Multiple assays should be evaluated for linearity, efficiency, sensitivity, selectivity, accuracy, and precision to identify the optimal assay to move forward into qualification. When using a multiplex reaction format for data normalization, method development should establish whether there is interference between assays through comparison of parameters in singleplex and multiplex reaction formats. Multiplex reactions can be easier to develop for dPCR as the impact of assay competition is reduced by reaction partitioning and end-point fluorescence measurement. Optimizing the annealing temperature is particularly important for dPCR to yield the greatest resolution in fluorescence amplitude between positive and negative partitions for all multiplexed assays.

3.3 Reference Material and Calibrators

Assay calibrators and quality controls (QCs) used during method development and validation should adequately represent study samples. Surrogate gDNA from the study species is reasonable to use for QC sample preparation and various commercial suppliers are available. Assay development is generally performed on QCs prepared from surrogate gDNA spiked with target DNA reference material. Synthetic double stranded DNA fragments and DNA plasmids are the two most common reference materials used in PCR. The biology of study samples should be considered when choosing an appropriate reference material format. Transgene DNA inside cells transduced by AAV vectors generally persists as circular, extra-chromosomal episomes, and structurally, plasmid DNA is more representative of target copies in tissue samples obtained in AAV gene therapy biodistribution studies.
A common practice when working with plasmid DNA standards is to linearize the plasmid prior to PCR assessment to reduce the tertiary structure of the template and improve primer/probe access and amplification efficiency. This method has been used successfully to validate fit-for-purpose dPCR methods [24, 25]. However, a specific technical consideration for dPCR is the recommendation to include a restriction enzyme into the PCR reaction master mix to fragment the chromosomal DNA to allow for better reaction partitioning. Selecting a restriction enzyme that will also linearize the delivered transgene DNA sequence can help achieve optimal assay efficiency. Including the restriction enzyme in the PCR reaction mix eliminates the need to linearize the reference material ahead of QC preparation reducing the number of processing steps. Multiple restriction enzymes, when possible, and concentrations should be tested on QCs during method development. In our experience, using circular plasmid in QC samples is critical for fully optimizing PCR assay conditions during method development. Insufficient units of restriction enzyme in the dPCR reaction prevents full linearization of the delivered vector genomes in study samples. Incomplete template linearization can result in positive partitions with intermediate fluorescence amplitude indicating reduced amplification efficiency and suboptimal performance.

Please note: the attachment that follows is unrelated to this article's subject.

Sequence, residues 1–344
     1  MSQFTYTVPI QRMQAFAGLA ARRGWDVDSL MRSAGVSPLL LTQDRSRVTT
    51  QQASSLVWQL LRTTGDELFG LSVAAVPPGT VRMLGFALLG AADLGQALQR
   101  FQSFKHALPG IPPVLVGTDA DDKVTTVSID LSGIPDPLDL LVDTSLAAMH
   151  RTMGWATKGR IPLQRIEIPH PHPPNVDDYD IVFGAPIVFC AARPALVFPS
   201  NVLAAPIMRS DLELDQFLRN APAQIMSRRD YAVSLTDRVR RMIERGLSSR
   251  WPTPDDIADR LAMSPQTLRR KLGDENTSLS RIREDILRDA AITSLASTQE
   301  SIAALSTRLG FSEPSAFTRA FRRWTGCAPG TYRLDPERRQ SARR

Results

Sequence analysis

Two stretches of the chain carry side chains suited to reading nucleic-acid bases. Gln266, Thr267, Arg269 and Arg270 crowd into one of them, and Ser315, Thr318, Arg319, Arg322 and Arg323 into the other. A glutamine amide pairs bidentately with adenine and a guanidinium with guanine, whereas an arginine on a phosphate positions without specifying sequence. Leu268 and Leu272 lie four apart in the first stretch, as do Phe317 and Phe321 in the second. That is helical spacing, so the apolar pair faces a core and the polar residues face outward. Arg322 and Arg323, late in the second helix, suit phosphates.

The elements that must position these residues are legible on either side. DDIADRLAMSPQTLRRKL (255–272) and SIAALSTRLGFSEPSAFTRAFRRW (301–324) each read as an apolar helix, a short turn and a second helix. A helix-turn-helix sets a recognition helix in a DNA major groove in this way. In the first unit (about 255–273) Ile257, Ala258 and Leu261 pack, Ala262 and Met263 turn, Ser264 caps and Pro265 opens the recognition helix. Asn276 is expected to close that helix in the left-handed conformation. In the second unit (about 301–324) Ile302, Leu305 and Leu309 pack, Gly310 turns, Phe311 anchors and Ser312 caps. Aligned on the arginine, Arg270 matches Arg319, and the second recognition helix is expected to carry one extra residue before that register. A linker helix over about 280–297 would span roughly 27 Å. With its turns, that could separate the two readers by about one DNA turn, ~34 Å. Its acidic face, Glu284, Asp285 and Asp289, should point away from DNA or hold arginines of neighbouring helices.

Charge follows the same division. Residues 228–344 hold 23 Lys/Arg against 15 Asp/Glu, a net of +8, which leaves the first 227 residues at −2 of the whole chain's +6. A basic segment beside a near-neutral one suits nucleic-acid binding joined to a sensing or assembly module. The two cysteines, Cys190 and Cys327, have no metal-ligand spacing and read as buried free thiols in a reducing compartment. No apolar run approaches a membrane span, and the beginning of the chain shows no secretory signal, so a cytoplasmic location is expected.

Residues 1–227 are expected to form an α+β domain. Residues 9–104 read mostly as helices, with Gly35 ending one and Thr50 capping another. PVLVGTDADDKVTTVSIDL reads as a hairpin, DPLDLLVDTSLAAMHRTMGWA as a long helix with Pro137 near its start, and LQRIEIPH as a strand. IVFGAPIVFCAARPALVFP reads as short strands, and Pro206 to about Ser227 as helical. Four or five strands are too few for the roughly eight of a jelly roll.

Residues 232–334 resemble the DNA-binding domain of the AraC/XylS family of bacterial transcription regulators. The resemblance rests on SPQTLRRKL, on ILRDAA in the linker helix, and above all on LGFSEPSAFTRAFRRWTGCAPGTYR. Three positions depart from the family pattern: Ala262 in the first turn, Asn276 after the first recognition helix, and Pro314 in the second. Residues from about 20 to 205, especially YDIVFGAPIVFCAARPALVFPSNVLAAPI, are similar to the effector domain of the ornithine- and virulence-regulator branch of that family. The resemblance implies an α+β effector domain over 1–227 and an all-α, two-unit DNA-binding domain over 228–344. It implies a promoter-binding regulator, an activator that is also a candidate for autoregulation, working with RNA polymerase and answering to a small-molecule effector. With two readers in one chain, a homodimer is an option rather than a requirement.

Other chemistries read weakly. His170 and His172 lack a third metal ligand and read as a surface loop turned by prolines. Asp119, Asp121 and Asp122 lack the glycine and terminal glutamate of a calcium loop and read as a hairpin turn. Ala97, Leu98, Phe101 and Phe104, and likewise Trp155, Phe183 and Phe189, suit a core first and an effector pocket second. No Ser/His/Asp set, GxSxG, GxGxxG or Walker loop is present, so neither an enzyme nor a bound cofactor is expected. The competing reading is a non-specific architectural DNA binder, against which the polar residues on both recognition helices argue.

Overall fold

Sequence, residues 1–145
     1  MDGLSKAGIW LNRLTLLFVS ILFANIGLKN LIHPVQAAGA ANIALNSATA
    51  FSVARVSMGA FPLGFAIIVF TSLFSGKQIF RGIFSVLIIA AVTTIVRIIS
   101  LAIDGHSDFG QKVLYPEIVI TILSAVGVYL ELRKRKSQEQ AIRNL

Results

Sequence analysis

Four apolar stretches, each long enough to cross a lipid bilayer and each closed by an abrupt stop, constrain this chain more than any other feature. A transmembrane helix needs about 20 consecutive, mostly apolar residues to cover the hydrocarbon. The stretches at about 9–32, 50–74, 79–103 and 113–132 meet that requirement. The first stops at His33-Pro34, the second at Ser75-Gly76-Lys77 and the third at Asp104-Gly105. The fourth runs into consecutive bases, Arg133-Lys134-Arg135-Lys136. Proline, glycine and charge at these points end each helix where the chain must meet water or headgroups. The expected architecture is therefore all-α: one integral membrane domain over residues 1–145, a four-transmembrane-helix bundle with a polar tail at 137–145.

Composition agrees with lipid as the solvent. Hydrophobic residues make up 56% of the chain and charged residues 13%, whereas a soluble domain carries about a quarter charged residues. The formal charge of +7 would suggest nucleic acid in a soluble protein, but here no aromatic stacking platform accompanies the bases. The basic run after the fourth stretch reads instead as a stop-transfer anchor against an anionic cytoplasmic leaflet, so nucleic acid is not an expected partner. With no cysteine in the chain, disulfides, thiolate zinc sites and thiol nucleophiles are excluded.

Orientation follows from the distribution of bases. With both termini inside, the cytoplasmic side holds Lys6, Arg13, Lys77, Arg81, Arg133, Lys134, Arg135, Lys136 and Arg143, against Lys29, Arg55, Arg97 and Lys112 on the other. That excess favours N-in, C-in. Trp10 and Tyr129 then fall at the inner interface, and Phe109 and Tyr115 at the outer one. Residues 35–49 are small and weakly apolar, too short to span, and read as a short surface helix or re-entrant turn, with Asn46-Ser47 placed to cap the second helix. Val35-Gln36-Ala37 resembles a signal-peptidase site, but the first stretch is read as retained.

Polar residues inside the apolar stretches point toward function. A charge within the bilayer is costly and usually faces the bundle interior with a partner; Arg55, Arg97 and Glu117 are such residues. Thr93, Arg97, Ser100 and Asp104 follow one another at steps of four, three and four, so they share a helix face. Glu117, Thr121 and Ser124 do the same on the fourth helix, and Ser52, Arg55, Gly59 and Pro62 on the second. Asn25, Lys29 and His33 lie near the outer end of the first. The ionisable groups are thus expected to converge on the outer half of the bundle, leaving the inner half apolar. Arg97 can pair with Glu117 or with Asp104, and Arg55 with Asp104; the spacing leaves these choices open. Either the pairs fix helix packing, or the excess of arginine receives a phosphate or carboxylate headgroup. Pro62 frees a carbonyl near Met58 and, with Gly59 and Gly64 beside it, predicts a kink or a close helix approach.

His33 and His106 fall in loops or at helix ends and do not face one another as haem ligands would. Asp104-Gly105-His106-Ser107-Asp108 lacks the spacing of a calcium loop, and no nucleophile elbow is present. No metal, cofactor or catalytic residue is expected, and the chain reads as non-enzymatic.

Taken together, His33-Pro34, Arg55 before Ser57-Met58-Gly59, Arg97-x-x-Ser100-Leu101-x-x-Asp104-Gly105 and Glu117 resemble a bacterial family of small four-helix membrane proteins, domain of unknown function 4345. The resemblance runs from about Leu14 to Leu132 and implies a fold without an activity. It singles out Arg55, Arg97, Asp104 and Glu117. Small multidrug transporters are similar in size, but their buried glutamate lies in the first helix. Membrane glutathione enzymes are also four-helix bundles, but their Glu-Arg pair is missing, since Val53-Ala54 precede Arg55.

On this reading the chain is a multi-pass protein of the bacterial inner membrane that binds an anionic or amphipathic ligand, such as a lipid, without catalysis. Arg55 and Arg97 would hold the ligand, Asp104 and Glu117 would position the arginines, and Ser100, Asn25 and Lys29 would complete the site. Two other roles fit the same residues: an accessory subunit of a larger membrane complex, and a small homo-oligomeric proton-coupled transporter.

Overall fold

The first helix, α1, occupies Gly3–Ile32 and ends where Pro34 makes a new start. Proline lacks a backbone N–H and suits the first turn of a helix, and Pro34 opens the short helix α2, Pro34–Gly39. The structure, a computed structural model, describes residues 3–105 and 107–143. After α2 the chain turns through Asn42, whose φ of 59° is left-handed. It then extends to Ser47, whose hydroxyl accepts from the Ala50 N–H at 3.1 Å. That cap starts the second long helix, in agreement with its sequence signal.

3.4 Assay Criteria

The lack of formal regulatory guidance for the qualification and validation of PCR assays combined with their increasing use within bioanalytical labs has prompted several recent publications and white papers aimed at harmonizing best practices and building consensus within the community [8, 9, 14-19]. Across publications, there is broad consensus that existing bioanalytical method validation guidelines written for chromatographic and ligand-binding assay technologies to assess pharmacokinetics are not suited for PCR assays as the technologies are fundamentally different. We argue that even between PCR technologies (qPCR and dPCR) that there are sufficient differences that recommendations should not be blindly applied to all PCR assays without consideration of the scientific rationale.
Applying bioanalytical vocabulary and concepts to an absolute quantification method is not straightforward. QCs concentrations in dPCR do not require back-calculation against a standard curve complicating how to define the nominal concentration of the prepared sample and to set performance criteria for accuracy. Establishing the limit of blank (LOB), limit of detection (LOD), and lower limit of quantification (LLOQ) is also challenging. Articles state that “appropriate statistical methods” should be used to establish the LOB and LOD, however there is no consensus on how this should be evaluated [14, 18]. Classically, an LLOQ is defined as the lowest QC with acceptable accuracy and precision, but it is still unclear how to apply this definition to an absolute quantification method.
A dPCR specific consideration is setting a threshold to distinguish positive and negative partitions ahead of data generation and is an overlooked point of discussion within assay validation articles. The threshold value will be unique for every assay based on partition fluorescence amplitude and can be set manually or automatically within the analysis software. The impact of manual threshold setting on the data should be evaluated during method development. A properly developed assay should have a minimal amount of intermediate amplitude partitions and modifying the threshold will not impact the measured copies. Automatic threshold options based on a positive control sample (plate QCs for example) reduces operator bias compared to manual thresholding and should be used for qualification/validation and sample testing. Threshold trending should be evaluated during sample testing to ensure consistent assay performance and should be evaluated when bridging lots of primers/probe.

4.0 Conclusions

The introduction of new technologies in the bioanalytical laboratory brings exciting opportunities and challenges. Significant work remains to align on best practices for the development and validation of dPCR assays for gene therapy biodistribution and viral vector shedding studies. As discussions around validation parameters and establishing acceptance criteria continue within the community, method performance evaluation should be scientifically justified with a mind towards establishment of fit for purpose methods considering the context of use. In our experience, learnings during assay development, qualification, and non-regulated sample testing can anticipate challenges that will arise during subsequent GLP studies. It is the accumulation of this collective experience within the community that will ultimately define best practices for dPCR bioanalysis.

5.0 References